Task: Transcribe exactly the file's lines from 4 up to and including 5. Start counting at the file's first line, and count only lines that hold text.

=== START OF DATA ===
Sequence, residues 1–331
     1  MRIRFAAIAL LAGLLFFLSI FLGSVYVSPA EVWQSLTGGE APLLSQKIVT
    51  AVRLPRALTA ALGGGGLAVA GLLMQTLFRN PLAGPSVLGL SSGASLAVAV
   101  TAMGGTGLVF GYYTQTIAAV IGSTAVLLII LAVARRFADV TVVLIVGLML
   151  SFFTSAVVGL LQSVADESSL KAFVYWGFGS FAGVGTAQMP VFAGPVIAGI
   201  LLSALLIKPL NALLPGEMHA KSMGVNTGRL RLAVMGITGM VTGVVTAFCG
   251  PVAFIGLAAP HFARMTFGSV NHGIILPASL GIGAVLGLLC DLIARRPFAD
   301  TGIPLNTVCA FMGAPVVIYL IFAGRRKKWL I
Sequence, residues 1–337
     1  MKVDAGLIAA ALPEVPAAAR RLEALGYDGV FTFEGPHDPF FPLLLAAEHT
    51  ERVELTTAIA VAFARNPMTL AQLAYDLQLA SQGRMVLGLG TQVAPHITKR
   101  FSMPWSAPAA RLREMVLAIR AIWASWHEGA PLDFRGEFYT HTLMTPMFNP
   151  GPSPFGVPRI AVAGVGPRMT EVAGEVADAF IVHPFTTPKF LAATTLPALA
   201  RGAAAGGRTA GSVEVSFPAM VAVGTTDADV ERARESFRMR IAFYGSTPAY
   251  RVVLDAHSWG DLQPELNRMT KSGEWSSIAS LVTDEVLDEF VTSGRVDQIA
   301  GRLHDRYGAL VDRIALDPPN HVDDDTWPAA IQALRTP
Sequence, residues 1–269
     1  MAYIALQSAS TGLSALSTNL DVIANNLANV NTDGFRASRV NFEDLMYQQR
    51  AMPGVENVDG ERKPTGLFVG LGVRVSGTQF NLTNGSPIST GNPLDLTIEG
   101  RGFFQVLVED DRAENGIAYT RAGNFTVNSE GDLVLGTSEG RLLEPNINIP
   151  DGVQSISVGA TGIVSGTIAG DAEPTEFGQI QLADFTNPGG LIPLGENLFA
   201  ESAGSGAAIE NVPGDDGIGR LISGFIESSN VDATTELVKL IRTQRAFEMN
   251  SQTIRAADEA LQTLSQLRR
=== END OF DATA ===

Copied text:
   101  TAMGGTGLVF GYYTQTIAAV IGSTAVLLII LAVARRFADV TVVLIVGLML
   151  SFFTSAVVGL LQSVADESSL KAFVYWGFGS FAGVGTAQMP VFAGPVIAGI